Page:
“Respect for human life finds an ultimate expression in the bond of love the mother has for her child,” he wrote. “The Act recognizes this reality as well. Whether to have an abortion requires a difficult and painful moral decision. While we find no reliable data to measure the phenomenon, it seems unexceptionable to conclude some women come to regret their choice to abort the infant life they once created and sustained. Severe depression and loss of esteem can follow.”
Nearly 30 percent of American women had or will have abortions, according to another brief. The women remind Justice Kennedy that women who choose to get abortions “are our loved ones, our mothers, our daughters, our co-workers, our neighbors and our friends from all walks of life.”
“Amici have never regretted their decisions to have an abortion,” the brief reads. “To the contrary, they strongly believe that the right to access an abortion was and is crucial to their and every woman’s ability to define her own existence, determine her future, achieve her dreams and aspirations, and be an equal participant in our society. It is a key component of the constitutional right to liberty, and central to a woman’s autonomy, dignity, and decisions concerning her family.”
Amy Brenneman chose to share with Justice Kennedy her story of having an abortion at 21 years old. She called his assumption that all women come to regret their abortion “patronizing.”
“It is saying that women are not capable of knowing their own mental health,” Brenneman said. “And 95 percent of women do not regret it, so this is an opportunity to set the math straight.”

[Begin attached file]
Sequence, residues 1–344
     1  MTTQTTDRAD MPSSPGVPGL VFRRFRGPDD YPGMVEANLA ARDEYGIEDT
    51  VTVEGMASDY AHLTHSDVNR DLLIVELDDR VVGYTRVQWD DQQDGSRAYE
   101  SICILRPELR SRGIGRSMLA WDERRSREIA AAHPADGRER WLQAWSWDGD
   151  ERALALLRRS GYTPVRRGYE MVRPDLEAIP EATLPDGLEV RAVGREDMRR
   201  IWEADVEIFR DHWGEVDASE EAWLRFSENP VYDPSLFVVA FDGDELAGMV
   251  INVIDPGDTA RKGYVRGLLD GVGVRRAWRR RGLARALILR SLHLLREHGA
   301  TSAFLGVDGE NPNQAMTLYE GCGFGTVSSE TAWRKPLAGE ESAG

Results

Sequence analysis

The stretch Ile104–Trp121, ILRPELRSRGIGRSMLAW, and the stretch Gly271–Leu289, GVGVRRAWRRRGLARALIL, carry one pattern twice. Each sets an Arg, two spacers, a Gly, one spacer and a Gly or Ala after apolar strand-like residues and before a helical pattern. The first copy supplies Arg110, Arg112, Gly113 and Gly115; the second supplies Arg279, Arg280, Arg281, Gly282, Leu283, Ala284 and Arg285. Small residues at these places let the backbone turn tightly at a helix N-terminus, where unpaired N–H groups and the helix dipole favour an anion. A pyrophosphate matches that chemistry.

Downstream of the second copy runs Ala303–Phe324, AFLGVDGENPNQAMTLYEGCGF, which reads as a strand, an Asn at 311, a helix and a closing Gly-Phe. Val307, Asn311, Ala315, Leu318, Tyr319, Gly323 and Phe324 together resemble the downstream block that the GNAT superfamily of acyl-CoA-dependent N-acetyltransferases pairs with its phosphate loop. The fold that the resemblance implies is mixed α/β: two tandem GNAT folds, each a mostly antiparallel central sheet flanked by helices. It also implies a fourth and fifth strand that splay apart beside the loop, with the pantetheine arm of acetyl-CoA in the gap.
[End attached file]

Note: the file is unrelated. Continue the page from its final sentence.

Janice MacAvoy, a lawyer with Fried, Frank, Harris, Shriver & Jacobson who signed the brief with the other lawyers, said Justice Kennedy’s passages in his 2007 opinion concerned her because they were “incredibly paternalistic.”
One lawyer who shared her story said that having the right to choose “was very empowering.”
“America cannot be the land of equality and opportunity for all if we simultaneously place unreasonable limits on a person’s ability to choose how they achieve their version of those ideals,” the woman wrote.
Opinions are mixed on whether or not such a personal approach will be successful.
Helen J. Knowles, author of “The Tie Goes to Freedom: Justice Anthony M. Kennedy on Liberty,” said she does not believe the strategy will be successful. “I suspect that taking this approach is not going to get much traction with Justice Kennedy,” she said, and rather advocated for one that would highlight the obstacles the law puts in place for women who want abortions.
Alexia D. Korberg, a lawyer who is representing Mac Avoy and the other lawyers who signed the brief, compared this case to a case she worked on regarding gay rights that saw success with a personal strategy.
“We had seen just how powerful humanizing issues that can seem abstract can be, not just for the justices but for everyone, and how powerful empathy can be,” she said.